Briggs thanks the committee for the opportunity to testify but warns that players’ associations have concerns over the amended language.
His wish list centers around the athletes he represents, of course. Briggs testifies to an “increase in anxiety” in the interactions between fans and athletes, which have sometimes gone beyond heckling.
“The leagues have to do something to address that within the stadium,” he says, “but what happens when they walk out?”
In order to garner support from organizations like the NFLPA, the NY sports betting law needs stronger physical safeguards for athletes, referees, and other league personnel. Briggs also spoke in support of the royalty fee included in Addabbo’s bill but suggested allocating it to things like post-retirement healthcare for athletes.
A leading analyst on emerging gambling markets, Grove comes armed with hard projections for the state’s financial potential.
According to his testimony, a mature NY sports betting market — including statewide mobile betting — would produce just over $1 billion in total annual gaming revenue. If, however, lawmakers continue to restrict NY sports betting to the retail setting, that number shrivels by a factor of 20 to a projected $48.3 million.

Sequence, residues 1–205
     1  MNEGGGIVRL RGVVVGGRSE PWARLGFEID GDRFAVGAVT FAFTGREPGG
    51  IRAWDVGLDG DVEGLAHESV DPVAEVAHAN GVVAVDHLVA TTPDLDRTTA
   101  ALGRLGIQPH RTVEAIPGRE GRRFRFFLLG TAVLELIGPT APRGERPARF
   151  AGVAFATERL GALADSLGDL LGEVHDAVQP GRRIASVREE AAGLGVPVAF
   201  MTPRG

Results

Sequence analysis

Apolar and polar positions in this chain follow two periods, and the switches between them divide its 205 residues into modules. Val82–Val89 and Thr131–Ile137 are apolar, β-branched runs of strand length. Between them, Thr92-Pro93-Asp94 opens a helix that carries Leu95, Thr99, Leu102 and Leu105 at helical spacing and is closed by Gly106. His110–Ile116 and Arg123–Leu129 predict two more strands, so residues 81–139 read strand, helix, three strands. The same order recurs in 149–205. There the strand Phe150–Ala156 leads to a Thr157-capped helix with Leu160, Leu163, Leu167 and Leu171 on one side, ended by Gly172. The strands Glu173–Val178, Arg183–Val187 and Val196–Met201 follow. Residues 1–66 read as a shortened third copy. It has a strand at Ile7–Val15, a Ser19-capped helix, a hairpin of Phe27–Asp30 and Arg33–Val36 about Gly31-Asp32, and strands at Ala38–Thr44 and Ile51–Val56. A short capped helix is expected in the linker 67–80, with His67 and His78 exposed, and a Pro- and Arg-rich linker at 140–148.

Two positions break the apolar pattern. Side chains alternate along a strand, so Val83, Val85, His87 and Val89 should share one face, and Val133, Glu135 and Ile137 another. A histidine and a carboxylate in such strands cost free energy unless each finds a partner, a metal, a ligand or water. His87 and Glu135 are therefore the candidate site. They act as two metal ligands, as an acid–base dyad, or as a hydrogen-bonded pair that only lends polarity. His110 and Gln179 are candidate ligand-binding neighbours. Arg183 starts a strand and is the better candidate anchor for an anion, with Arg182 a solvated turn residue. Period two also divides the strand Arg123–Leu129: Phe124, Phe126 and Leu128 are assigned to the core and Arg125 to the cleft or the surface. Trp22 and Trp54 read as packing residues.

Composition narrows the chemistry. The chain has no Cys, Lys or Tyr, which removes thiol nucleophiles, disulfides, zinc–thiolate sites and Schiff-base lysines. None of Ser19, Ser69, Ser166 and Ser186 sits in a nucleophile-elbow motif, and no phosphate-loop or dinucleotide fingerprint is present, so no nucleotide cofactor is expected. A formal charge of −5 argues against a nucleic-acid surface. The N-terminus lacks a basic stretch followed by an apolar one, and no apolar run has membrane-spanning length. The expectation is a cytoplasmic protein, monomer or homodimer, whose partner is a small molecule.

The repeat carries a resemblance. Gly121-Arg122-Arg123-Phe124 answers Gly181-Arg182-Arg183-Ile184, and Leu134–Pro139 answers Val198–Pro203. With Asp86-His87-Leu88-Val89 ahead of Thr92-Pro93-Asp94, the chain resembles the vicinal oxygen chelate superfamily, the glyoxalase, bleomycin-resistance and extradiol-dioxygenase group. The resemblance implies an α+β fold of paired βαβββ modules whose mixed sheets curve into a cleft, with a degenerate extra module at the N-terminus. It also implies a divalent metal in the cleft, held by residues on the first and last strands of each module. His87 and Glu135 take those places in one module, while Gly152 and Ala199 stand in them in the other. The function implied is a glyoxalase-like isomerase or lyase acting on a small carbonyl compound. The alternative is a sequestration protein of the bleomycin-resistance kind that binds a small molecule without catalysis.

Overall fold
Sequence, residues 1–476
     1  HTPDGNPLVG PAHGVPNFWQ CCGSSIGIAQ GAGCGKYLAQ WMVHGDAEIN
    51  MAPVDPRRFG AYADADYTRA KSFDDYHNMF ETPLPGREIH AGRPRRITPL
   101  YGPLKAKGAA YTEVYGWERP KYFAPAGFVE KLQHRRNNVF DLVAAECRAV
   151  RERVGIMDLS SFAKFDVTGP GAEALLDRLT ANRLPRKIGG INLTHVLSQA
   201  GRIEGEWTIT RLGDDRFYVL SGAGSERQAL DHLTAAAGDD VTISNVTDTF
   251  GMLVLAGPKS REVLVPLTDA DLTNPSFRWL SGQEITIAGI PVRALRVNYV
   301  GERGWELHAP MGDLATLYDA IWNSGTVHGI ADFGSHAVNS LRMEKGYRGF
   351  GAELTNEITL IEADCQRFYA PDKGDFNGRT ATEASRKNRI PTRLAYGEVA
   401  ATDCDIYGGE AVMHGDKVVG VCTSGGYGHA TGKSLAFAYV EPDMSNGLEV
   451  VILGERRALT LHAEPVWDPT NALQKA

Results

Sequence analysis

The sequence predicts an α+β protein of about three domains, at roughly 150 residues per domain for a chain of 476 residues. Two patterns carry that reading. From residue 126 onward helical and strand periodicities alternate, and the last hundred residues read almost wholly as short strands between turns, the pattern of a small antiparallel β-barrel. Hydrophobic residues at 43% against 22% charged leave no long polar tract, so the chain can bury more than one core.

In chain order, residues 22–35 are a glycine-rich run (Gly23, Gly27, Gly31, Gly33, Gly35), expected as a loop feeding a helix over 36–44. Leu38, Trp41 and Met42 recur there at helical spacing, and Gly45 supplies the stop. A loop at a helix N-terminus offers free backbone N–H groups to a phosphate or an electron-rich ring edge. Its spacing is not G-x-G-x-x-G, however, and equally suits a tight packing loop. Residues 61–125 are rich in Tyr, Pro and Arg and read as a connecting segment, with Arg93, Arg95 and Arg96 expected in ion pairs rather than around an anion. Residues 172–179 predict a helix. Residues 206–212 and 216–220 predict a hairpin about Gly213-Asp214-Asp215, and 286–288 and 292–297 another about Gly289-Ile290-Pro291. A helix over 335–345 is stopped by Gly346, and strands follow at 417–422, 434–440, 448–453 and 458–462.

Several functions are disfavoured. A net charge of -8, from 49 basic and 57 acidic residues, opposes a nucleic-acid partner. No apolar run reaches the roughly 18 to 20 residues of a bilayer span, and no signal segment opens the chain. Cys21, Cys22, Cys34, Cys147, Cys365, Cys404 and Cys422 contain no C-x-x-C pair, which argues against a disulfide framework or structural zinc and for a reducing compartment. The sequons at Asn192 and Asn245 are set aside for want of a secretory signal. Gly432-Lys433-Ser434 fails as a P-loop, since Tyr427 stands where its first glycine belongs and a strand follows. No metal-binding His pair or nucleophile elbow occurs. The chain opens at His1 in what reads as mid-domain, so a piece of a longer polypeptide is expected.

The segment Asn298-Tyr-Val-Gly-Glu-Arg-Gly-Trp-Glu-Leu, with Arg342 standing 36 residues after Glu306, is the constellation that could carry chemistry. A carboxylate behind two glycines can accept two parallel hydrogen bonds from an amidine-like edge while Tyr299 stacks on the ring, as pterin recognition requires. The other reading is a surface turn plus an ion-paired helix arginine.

Grove leaves the committee with three three connecting thoughts:
Wilmott describes the behavior of a typical NY casino customer, including how much time they spend traveling to visit a brick-and-mortar property.
Responding to a question about addiction, Grove cautions that lawmakers would do well to address problem gambling with a direct, statutory allocation of funds.
Boyd opens the operators’ panel by discussing the breadth of the William Hill empire — both in the US and abroad. On behalf of the Nevada sports betting leader, she asks the committee to:
As Boyd testifies, no sports betting law in any US state includes such provisions which narrowly benefit leagues.
Levin follows with similar testimony on behalf of FanDuel, which has blossomed into a multi-vertical gambling powerhouse over the last year.
Given its location along the NY-NJ border, FanDuel Sportsbook sees significant action from non-residents. According to Levin, the company can attribute as much as 25% of its online NJ sports betting activity to New Yorkers slipping across the border to get a bet down.
Sottile echoes many of the same thoughts, though he is not arguing on behalf of any single operator. Instead, his company is deeply interested in rebutting the leagues’ attempts to weaponize statistical data.
“They don’t (own it),” he says. “They simply have ready access to it and the ability to license it.” He argues that such a gift-wrapped monopoly does not have a precedent in any industry.